I just finished Another Country. No surprise – it’s a badass book. I have much to say about it, but I’m going to focus on Ida. Specifically, Ida on pages 324 and 325. Embroiled in one of the many (in an ongoing fight?) fights with Vivaldo, she takes on his conception of the world in the following exchange:
“Our being together doesn’t change the world, Vivaldo”
“It does,” he said, “for me.”
“That,” she said, “is because you’re white” (324).
I take this as another way to grapple with the uneven politics of worldliness. For Vivaldo, the self is the world. To change one’s self is to change the world. For Ida, however, it’s not so simple. To change the self doesn’t change the world. She still has face the way that others construct the world, the way the state insists upon a world, the way that power perpetuates a world. Ida’s right. One cannot simply invent the world, one must inhabit a world that is in part constructed by others. The belief that one can change the world grows out of whiteness – grows out the privilege of not having to confront powerlessness or see the others who construct your world.
Such an understanding of worldliness is powerful because it exposes the inequalities, easy ignorance, and privilege lodged in something as seemingly universal as one’s understanding of love. But when Ida insists upon what such a conception of worldliness means on the personal level – what it means for her and Vivaldo – it shows how accepting this reality puts one in a very difficult position. For there it requires a recognition of differences that can’t be overcome through desire because no one desires to “pay their dues” (i.e. to see the world as it is, to feel its inequalities, to experience its pain):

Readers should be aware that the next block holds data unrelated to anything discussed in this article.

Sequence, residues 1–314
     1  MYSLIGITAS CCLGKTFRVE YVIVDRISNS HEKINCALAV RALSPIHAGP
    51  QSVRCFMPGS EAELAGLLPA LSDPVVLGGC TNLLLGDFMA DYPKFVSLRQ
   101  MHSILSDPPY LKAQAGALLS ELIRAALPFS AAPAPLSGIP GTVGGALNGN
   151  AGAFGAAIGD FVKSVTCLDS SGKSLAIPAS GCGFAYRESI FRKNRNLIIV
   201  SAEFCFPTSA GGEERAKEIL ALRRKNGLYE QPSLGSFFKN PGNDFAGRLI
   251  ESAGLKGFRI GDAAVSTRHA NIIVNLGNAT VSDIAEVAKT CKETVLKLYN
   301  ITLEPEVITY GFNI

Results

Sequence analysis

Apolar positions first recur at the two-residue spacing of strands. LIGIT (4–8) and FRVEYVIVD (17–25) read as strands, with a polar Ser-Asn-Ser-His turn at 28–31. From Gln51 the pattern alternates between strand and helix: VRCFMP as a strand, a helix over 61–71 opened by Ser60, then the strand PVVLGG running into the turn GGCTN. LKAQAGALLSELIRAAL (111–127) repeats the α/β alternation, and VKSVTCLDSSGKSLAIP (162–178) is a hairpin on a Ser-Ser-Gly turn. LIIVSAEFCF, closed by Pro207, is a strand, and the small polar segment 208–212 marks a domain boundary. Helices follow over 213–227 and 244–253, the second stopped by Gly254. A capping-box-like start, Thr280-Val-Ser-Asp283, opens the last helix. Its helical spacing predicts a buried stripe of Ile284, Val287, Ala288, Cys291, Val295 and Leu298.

“What I don’t understand,” she said slowly, “is how you can talk about love when you don’t want to know what’s happening. And that’s not my fault. How can you say you loved Rufus when there was so much about him you didn’t want to know? How can I believe you love me?” And, with a curious helplessness, she took his arm. “How can you love somebody you don’t know anything about? You don’t know where I’ve been. You don’t know what life is like for me.”
“But I’m willing,” he said, “to spend the rest of my life finding out.”
She threw back her head and laughed. “Oh, Vivaldo. You may spend the rest of your life finding out – but it won’t be because you’re willing.” And then, with ferocity, “And it won’t be me you’ll be finding out about. Oh, Lord.” She dropped his arm. She gave him a strange side glance; he could not read it, it seemed both pitying and cold. “I’m sorry to have hurt your feelings, I’m not trying to kill you. I know you’re not responsible for – for the world. And, listen: I don’t blame you for not being willing. I’m not willing, nobody’s willing. Nobody’s willing to pay their dues” (324-5).
I don’t think I’ve read a more beautiful – or a more difficult – understanding of love. For to be able to love is to accept the world as it is. And that’s fucking hard.